What Is Allopathy?
Allelopathy is a natural phenomenon where one plant produces biochemicals that exert an influence over other plants.
These biochemicals are known as allelochemicals and can have both beneficial or detrimental effects on neighboring plants, animals, insects, and organisms.
Allelopathy can inhibit germination and or growth of other plant species. They serve as weed killers, but on the flip side they will also inhibit the development and growth of other garden crops. Allelopathy is heavily incorporated into the science of Companion Planting.
The allelopathic biochemicals of many plants are found in the foliage. As leaves drop and decompose these toxins accumulate in the soil and affect nearby plants. Some plants also release toxins via their roots, which are then absorbed by other plants and trees as well as insects and microbial organisms.
What Plants Produce Allelopathic Chemicals?
- Black Walnut emits a phytotoxin known as juglone which destroys most other plants within its reach. Very few plants are resistant to it.
- Marigolds emit a protective compound designed by nature to protect the plant itself, they are allelopathic. Their roots release alpha-terthienyl, a naturally occurring compound that is highly toxic. This compound helps to control nematodes, some insects and plant pathogens. Some varieties of Marigolds produce a much stronger version of alpha-terthienyl. Mexican Marigolds have the potential to hinder the development of neighboring plants. Once planted, the alpha-terthienyl accumulates in the soil and will protect for years to come. Don’t expect immediate results as it takes time for this compound to build up in the soil, usually by the second season of planting marigolds in the same place, the effect will be noticeable.
- Fennell is highly allelopathic to nearly all garden plants. It exudes compounds designed by nature to destroy any competing plants. Dill is one of the rare plants that can be grown with it.
- Some varieties of Sunflowers are slightly allelopathic, they emit phytotoxins which inhibit the growth of competing nearby plants and will prevent their seed germination.
- Asparagus has allelopathic properties which not only inhibits the growth of competing plants but also makes it more difficult to replant asparagus in the same fields it has been grown in previous seasons.
- Bearberry is a short stout cold-hardy shrub that contains multiple phytochemicals with allelopathic properties.
- Elderberry – The allelopathic properties of elderberry are not that noticeable as they are commonly found growing in integrated landscapes surrounded by diverse neighbor plants. However Elderberry roots emit phenolics that prevent some trees such as Douglas Fir from growing. The foliage and roots are somewhat toxic to people and livestock as they contain a cyanide-like compound.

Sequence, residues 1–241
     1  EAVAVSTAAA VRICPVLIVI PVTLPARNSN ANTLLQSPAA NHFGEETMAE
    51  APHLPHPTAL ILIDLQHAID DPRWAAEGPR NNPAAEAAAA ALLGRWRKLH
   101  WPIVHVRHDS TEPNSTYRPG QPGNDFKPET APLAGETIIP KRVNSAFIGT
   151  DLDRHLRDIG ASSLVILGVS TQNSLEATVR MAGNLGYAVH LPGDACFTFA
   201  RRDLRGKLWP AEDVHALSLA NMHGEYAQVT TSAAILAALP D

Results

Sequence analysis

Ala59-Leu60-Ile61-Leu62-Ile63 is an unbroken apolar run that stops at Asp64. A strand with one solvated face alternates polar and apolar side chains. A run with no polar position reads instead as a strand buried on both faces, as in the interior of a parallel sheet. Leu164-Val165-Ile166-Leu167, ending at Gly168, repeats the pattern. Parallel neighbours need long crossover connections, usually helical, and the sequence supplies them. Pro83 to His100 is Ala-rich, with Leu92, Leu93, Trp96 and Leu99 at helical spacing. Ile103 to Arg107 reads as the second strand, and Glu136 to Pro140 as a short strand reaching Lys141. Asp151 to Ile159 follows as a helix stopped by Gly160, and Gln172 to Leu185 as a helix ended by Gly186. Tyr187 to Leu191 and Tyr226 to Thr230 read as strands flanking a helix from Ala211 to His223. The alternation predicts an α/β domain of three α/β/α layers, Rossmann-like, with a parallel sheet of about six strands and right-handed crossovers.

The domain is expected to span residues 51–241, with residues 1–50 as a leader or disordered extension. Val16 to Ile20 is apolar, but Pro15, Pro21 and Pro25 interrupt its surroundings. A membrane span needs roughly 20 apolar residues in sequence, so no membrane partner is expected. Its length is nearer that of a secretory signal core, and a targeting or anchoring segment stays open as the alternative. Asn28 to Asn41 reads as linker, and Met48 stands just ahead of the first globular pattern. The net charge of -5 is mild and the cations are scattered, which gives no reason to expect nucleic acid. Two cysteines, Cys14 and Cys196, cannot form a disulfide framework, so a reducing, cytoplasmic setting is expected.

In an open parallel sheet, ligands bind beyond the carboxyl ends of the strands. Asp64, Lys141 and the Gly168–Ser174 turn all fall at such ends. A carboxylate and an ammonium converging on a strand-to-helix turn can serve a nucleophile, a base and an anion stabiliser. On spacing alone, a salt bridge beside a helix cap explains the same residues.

- Garlic Mustard is an invasive plant species that releases biochemicals which hinder the growth of other plants. It will retard the growth of herbs and grasses.
- Goldenrod will inhibit germination of competing plant seeds.
- Forsythia has an allelopathic effect on Goldenrod and Goldenrod has an allelopathic effect on Forsythia – paper, scissors, rock as to which plant wins in this battle. Forsyntia also has negative effects on Cherry Trees, black cherry in particular and some other minor fruit bearing trees as well as Sugar Maple. It has negative effects on some grasses as well – the best documented is Kentucky bluegrass.
Garden lore assigns allelopathic properties to many other plants, but these claims remain unproven or undocumented so far as Science is concerned.
Various types of Beans, beets, brassicas such as Broccoli and Cabbage, Cucumbers, Soybeans and even the holy grail of backyard gardening, the Tomato is said to have allelopathic properties. It has been documented that certain volatile substances emitted by tomato plants, particularly their foliage will have negative effects on seed germination and seedling development of other plants. This is rarely a major issues due to the fact that the volatile substances degrade in nature rapidly. Unless large amounts of tomatoes are grown over extended periods – it is not something to be overly concerned with.